By Dr Oliver Tearle (Loughborough University)
‘The Hare and the Tortoise’ is one of Aesop’s best-known fables. The meaning or ‘moral’ of the fable is worth analysing more closely, however, and the story has attracted a number of competing – indeed, actively conflicting – interpretations. So let’s take a closer look at the meaning of ‘The Hare and the Tortoise’ (sometimes known as ‘The Tortoise and the Hare’). But first, how about a quick recap or summary of the fable?
‘The Hare and the Tortoise’: summary
The fable of the hare and the tortoise usually runs something like this.
A hare was making fun of a tortoise for moving so slowly. The tortoise, tiring of the hare’s gibes about how slow he was on his feet, eventually challenged the hare to a race. ‘I’ll race you, hare,’ he said; ‘and I bet I’ll win the race.’
The hare agreed to this challenge, and a fox was found who set the course of the race and to judge who had won at the end.
When the race started, the hare bounded off in front, making good progress. He was so far ahead of the tortoise that he decided he could afford to stop and have a rest. The tortoise was so far behind that a little rest wouldn’t hurt!
However, the hare fell fast asleep, and as he lay sleeping, the tortoise continued to plod along at his slow pace. In time, he reached the finish-line and won the race.
When the hare woke up, he was annoyed at himself for falling asleep. So he ran off towards the finish-line as fast as his legs would carry him, but it was too late, as the tortoise had already won.
‘The Hare and the Tortoise’: analysis
Aesop’s fables are known for having a clear moral, and the fable of the hare and the tortoise is no exception. Indeed, the moral of this tale has become proverbial: slow and steady wins the race.
But this is by no means the only moral message to be divined from the fable. It’s true that ‘slow and steady wins the race’ is a plausible interpretation of the story’s meaning, and this tallies with other proverbs, such as ‘more haste, less speed’.
We can even find an analogue for this message in the Bible’s biblical recommendation that ‘the race is not to the swift’ (Ecclesiastes 9:11). Yet over the years, authors have emphasised different aspects of the fable as pointing to its principal meaning.
What’s more, what kind of moral instruction we divine in the fable of the hare and the tortoise comes down to how we interpret that old saw, ‘slow and steady wins the race’. For it’s the hare’s arrogance, his over-confidence in his own abilities, that leads him to believe he can afford to take a rest; in other words, his natural gift for speed is spoiled by his idleness, as well as his arrogance.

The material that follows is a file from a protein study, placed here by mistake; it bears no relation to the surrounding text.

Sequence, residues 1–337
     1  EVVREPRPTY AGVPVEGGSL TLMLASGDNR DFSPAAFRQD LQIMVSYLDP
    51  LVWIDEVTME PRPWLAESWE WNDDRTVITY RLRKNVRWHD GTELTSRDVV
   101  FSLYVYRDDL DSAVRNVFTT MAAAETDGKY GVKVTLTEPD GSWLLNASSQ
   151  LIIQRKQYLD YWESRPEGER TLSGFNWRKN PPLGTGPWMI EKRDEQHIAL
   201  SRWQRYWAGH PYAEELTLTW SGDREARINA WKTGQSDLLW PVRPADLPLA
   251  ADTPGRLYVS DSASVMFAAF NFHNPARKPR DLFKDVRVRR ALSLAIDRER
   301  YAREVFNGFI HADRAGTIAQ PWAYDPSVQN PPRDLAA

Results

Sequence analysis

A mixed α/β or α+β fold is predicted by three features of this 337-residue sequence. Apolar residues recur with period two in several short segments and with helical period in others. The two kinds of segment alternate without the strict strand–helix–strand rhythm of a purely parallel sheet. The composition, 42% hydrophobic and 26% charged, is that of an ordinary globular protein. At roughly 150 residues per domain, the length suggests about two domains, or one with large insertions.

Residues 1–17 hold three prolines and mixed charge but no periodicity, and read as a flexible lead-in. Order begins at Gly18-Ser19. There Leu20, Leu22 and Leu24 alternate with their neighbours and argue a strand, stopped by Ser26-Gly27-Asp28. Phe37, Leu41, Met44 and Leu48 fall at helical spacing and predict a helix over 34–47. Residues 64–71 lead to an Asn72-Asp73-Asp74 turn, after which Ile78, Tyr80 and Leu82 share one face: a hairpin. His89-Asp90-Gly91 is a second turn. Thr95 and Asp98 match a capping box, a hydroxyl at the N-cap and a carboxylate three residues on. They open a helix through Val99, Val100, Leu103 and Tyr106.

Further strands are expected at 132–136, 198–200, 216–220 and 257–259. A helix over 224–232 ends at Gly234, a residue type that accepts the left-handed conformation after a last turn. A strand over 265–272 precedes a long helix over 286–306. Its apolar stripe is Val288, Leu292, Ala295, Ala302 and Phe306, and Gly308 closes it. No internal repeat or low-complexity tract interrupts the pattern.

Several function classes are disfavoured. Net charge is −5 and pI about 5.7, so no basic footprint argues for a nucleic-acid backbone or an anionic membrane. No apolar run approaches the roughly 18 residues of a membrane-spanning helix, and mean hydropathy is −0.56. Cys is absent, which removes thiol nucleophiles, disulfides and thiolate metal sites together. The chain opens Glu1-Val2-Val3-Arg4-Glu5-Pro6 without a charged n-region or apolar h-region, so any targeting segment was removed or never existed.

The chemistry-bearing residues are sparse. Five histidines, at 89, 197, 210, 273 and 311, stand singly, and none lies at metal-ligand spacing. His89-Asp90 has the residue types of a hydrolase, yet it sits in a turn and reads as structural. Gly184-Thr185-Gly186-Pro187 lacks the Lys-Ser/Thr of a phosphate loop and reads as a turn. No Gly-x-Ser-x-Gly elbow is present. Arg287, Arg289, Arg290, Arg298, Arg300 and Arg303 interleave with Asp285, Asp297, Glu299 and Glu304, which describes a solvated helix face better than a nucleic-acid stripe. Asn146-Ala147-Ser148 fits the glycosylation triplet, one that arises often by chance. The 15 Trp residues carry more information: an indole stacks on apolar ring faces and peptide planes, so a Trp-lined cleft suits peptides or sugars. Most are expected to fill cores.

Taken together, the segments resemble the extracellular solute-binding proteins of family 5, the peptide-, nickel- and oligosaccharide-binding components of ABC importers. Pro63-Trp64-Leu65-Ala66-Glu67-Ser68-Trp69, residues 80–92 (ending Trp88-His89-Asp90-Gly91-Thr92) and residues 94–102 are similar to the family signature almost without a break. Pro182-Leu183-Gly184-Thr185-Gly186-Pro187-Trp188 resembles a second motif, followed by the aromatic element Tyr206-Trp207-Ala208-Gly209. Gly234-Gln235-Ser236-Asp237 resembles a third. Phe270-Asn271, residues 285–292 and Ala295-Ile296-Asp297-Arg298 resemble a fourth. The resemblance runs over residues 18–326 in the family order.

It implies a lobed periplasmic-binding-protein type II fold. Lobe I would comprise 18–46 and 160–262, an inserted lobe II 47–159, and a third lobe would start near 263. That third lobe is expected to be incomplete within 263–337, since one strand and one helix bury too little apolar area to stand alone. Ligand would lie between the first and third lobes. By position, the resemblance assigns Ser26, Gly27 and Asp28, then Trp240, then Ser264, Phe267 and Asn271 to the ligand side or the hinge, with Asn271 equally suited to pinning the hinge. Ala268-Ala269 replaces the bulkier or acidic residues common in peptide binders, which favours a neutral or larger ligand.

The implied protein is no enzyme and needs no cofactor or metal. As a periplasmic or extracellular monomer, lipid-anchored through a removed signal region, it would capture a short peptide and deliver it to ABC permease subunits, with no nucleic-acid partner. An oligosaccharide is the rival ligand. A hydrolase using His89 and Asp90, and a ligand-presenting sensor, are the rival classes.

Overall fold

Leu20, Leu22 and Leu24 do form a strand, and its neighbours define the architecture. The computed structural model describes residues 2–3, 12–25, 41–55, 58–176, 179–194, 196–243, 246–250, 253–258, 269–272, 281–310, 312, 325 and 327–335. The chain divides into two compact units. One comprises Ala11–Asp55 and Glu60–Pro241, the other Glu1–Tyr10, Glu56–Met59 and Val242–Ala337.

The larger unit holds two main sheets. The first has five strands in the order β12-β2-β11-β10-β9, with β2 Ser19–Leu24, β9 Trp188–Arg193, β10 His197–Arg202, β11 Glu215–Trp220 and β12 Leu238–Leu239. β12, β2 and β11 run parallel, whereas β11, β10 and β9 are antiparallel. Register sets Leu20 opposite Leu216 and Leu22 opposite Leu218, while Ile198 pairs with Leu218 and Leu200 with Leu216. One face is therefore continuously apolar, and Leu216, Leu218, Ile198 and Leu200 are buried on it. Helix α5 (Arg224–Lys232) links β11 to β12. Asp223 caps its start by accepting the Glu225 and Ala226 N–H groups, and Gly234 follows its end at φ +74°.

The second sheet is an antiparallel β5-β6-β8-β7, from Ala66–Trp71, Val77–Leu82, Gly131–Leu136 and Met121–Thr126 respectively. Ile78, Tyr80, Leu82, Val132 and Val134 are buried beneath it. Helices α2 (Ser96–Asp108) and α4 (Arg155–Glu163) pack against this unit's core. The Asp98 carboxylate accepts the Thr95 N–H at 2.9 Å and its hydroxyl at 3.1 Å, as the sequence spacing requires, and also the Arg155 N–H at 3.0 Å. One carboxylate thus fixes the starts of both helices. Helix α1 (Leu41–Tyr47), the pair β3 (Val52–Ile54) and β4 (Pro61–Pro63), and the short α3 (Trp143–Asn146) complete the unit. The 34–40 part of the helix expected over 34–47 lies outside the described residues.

After all, it isn’t the hare’s haste which proves his downfall; if it were, he would have tripped up in his determination to run ahead and win, or else come a-cropper in some other way as a direct result of his speediness. Instead, it’s when he slows down, as a result of having won himself such a decisive lead, that he undoes his hard work and ends up resting so well that he nods off.
Aesop’s fable of the hare and the tortoise is sometimes likened to one of the paradoxes propounded by the classical philosopher Zeno: namely, the paradox of Achilles and the Tortoise, in which the Greek hero gives the Tortoise a head start in a race.
The idea is that even though Achilles runs faster than the Tortoise, he will never catch up with her because, when Achilles reaches the point at which the Tortoise started, the Tortoise has since moved forwards. But Zeno was interested in problems of logical thinking rather than moral teaching, so this tale stands separate from Aesop’s fable.
Aesop wasn’t the first person to write animal fables. Several centuries earlier, Hesiod – who is now best-known for his two poems, Theogony and Works and Days (a fascinating poem which we have analysed here) – had written one about a hawk and a nightingale, while a poet named Archilochus penned several, including one about an eagle and a vixen, and one about a fox and a monkey.
But Aesop would turn the fable into a popular form. William Caxton printed the first English translation of the Fables in 1484, enabling such phrases as ‘sour grapes’ and ‘to cry wolf’ to enter the language.
As with Homer, we can’t be sure an ‘Aesop’ ever actually existed. If he did, it was probably in around the sixth century BCE, several centuries after Homer, if Homer himself ever existed. Aesop’s Fables may have been the work of many hands, part of an oral tradition that gradually accumulated. Nevertheless, legends grew up around the storyteller.
One commentator claimed that Aesop fought at the battle of Thermopylae in 480 BCE, but since by then he had been dead for nearly a century one can’t imagine he was much help.
Indeed, if a man named Aesop did exist in the first place, he is thought to have been a disabled black slave. The idea that he was of African descent – possibly from Ethiopia – dates back some time. The presence of such animals as camels and elephants in Aesop’s fables, not to mention the tale ‘Washing the Ethiopian White’, support this theory that he was of African origin.